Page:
A Preview of SHRM 2019 with SHRM Chief Knowledge Officer Alexander Alonso

Who’s ready for SHRM 2019? I know I am. I can never turn down a trip to Las Vegas, but more importantly — nerd alert! — I can never turn down the chance to connect with HR professionals and dive head-first into the amazing, progressive conversations so many are having about our industry.

This week we’re previewing SHRM 2019 with SHRM Chief Knowledge Officer Alexander Alonso. He gives us the inside scoop on the conference and helps break down the future of HR.

Listen to the full conversation or read the recap below. Subscribe so you never miss an episode.

What You Can’t Miss at SHRM 2019

I asked Alonso about what he’s looking forward to at SHRM, and his enthusiasm was infectious. First, he highlighted the conference’s new Changemaker Series, which will feature HR leaders from cutting-edge brands, including Zappos and Universal Music Group.

We also took a lot at the speakers he’s excited about. While we all have speakers we need to seek for our continuing education credits and areas of interest, Alonso emphasizes that we should also take the time to brave the big rooms for the big names. Here are a few of the speakers whose insights he says he’s especially excited about:

Also, don’t forget to check out Alsonso’s talk on pettiness in the workplace!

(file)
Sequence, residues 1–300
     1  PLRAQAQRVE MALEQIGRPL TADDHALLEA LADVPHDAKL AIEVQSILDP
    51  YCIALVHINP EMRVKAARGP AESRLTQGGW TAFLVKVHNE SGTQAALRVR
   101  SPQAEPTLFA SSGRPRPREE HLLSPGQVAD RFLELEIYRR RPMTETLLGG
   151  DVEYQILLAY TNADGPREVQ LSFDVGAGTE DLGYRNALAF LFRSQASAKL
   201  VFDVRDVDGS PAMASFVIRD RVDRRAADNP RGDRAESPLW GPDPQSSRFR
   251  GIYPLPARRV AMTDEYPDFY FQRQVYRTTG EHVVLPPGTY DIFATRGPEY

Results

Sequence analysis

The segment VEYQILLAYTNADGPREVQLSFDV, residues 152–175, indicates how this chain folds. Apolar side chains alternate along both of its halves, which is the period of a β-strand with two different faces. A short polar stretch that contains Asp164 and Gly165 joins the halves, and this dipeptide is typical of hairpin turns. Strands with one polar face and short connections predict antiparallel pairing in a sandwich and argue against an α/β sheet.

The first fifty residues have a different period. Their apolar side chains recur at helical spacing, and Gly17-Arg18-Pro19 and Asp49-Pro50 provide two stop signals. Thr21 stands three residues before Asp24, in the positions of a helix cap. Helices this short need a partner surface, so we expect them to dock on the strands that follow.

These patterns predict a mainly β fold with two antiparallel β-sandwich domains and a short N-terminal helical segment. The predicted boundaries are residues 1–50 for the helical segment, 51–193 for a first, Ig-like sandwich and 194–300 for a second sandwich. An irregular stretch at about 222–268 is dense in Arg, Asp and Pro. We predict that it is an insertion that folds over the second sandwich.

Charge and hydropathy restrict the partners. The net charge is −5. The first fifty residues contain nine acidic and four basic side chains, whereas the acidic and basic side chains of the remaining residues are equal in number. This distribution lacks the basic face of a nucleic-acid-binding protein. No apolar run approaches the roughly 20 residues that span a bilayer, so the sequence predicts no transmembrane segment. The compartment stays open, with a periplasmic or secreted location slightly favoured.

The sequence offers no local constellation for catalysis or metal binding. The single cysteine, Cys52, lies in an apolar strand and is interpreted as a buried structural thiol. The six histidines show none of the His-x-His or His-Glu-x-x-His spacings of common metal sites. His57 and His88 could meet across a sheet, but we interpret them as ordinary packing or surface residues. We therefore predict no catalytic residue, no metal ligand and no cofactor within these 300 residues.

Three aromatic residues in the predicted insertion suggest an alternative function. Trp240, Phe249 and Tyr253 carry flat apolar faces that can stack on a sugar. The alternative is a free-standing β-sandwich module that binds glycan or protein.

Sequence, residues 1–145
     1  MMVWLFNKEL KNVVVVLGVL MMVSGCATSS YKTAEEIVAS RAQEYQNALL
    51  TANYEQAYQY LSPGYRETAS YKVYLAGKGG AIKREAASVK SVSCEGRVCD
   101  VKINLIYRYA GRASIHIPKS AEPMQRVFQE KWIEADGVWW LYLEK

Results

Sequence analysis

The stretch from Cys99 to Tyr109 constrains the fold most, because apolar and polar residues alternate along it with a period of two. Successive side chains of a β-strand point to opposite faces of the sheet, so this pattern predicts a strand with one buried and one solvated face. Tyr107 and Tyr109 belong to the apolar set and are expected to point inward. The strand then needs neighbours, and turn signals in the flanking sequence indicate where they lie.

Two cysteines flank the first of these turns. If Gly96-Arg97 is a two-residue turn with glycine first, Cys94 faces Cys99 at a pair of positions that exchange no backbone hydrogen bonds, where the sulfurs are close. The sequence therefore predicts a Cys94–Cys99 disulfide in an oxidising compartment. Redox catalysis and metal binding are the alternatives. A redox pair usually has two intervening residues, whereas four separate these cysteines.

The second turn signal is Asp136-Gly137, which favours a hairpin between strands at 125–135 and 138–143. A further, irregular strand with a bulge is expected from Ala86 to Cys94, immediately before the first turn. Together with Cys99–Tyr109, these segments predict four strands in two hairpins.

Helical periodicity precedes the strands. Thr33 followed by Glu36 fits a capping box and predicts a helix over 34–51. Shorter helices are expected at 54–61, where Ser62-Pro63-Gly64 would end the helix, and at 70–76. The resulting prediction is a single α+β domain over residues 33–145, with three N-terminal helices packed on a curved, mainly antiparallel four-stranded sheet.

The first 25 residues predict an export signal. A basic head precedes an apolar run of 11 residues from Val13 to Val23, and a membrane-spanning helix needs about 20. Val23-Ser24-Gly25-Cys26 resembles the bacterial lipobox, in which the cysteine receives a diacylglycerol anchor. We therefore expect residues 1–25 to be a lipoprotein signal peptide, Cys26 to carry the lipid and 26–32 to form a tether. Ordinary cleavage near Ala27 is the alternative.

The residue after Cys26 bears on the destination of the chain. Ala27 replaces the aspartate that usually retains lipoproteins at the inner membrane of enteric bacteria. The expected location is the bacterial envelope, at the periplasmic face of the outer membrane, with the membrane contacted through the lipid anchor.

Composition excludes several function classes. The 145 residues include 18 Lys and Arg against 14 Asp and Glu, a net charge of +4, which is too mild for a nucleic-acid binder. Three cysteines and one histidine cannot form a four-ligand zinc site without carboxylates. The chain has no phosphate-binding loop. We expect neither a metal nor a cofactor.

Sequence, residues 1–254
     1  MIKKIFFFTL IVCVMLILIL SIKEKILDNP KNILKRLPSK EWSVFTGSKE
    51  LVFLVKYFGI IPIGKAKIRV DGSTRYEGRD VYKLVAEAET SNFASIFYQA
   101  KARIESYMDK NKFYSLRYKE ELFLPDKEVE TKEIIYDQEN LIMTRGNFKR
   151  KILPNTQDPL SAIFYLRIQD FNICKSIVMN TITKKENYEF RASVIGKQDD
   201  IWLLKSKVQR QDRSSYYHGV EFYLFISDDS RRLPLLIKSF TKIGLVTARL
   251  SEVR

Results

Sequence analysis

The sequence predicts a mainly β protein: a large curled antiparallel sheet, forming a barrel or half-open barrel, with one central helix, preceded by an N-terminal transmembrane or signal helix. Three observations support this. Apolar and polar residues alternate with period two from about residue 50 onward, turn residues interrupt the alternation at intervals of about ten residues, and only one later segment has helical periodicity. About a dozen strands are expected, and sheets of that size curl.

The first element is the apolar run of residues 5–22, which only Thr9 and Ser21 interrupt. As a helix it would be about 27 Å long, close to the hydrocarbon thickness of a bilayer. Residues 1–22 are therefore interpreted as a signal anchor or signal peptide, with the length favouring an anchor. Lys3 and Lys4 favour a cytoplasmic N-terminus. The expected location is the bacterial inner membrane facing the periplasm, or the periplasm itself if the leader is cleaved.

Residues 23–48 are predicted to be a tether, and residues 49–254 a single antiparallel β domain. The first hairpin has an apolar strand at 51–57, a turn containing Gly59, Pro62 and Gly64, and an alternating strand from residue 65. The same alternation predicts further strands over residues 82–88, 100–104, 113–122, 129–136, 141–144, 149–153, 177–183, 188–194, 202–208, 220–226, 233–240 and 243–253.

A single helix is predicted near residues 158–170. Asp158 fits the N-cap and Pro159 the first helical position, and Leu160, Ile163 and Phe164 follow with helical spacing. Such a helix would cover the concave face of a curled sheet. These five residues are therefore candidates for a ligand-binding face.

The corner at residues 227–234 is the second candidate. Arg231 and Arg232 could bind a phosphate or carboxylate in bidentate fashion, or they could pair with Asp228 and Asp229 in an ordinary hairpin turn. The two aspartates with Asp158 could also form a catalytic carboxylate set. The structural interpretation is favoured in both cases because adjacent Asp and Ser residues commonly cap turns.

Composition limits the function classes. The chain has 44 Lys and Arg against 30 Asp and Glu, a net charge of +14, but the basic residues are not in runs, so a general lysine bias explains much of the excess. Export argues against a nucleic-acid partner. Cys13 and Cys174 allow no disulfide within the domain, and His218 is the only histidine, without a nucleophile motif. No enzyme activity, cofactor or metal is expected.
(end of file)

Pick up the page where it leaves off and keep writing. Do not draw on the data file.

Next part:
Pondering the Core Challenges Facing HR

Of course, we all know that SHRM is much more than its annual conference. As an industry leader in credentialing, SHRM is constantly doing research, and it’s especially concerned with the barriers and challenges that HR faces in this time of institutional transition.

Alonso says SHRM has identified three core challenges for HR. The first two are how to manage and customize the employment experience for a multigenerational workforce, and how organizations approach their workforce. Alonso sums the latter up with a question: “How do I strike the right blend between my regular workforce and my regular staffing and talent shortages, as well as a contingent workforce?”

The third challenge is the rise of technology and how that relates to organizations’ business models. Alonso says organizations must begin to plan for the advent of AI and machine learning, while also accommodating the needs of employees.

Addressing the Big SHRM Controversy

At the end of our conversation, Alonso and I addressed the elephant in the room: SHRM’s relationship with the current presidential administration.

It’s a relationship that has generated its fair share of controversy, one that Alonso acknowledges and understands. But he says SHRM feels a responsibility to make itself part of the conversation surrounding work. “If SHRM is to elevate the practice of human resources — and if SHRM is really to serve the work, the worker, and the workplace … I think it’s important for us to be part of the dialogue on workplace issues,” he says. He also notes that SHRM has a relationship with the other branches of government and often submits amicus briefs for court cases.

Alonso says it’s a misconception that SHRM has aligned itself with the Trump administration. “We’ve done quite a bit of work with both parties over the years,” including the Obama administration, he says. “My sense of it, quite honestly, is it’s just us being a part of the important workplace-issues dialogue.”

Resources Mentioned in This Episode

#SHRM14: Moving Into The Warming Light

Failure is an enabler.

In both senses of the term, but for some, the one ultimate driver.